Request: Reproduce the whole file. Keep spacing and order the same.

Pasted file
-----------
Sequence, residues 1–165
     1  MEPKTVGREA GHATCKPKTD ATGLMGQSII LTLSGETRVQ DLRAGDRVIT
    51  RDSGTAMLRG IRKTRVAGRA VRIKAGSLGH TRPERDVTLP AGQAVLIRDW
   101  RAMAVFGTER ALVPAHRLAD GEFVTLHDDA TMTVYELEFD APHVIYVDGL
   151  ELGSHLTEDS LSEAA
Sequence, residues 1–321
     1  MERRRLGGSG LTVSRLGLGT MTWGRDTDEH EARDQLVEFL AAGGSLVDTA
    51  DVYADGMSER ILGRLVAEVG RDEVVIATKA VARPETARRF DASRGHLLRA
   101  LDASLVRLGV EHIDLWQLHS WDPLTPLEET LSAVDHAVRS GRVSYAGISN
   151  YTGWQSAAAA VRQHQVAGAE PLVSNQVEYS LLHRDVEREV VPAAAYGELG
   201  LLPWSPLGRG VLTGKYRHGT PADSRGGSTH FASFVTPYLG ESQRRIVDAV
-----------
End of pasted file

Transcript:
Sequence, residues 1–165
     1  MEPKTVGREA GHATCKPKTD ATGLMGQSII LTLSGETRVQ DLRAGDRVIT
    51  RDSGTAMLRG IRKTRVAGRA VRIKAGSLGH TRPERDVTLP AGQAVLIRDW
   101  RAMAVFGTER ALVPAHRLAD GEFVTLHDDA TMTVYELEFD APHVIYVDGL
   151  ELGSHLTEDS LSEAA
Sequence, residues 1–321
     1  MERRRLGGSG LTVSRLGLGT MTWGRDTDEH EARDQLVEFL AAGGSLVDTA
    51  DVYADGMSER ILGRLVAEVG RDEVVIATKA VARPETARRF DASRGHLLRA
   101  LDASLVRLGV EHIDLWQLHS WDPLTPLEET LSAVDHAVRS GRVSYAGISN
   151  YTGWQSAAAA VRQHQVAGAE PLVSNQVEYS LLHRDVEREV VPAAAYGELG
   201  LLPWSPLGRG VLTGKYRHGT PADSRGGSTH FASFVTPYLG ESQRRIVDAV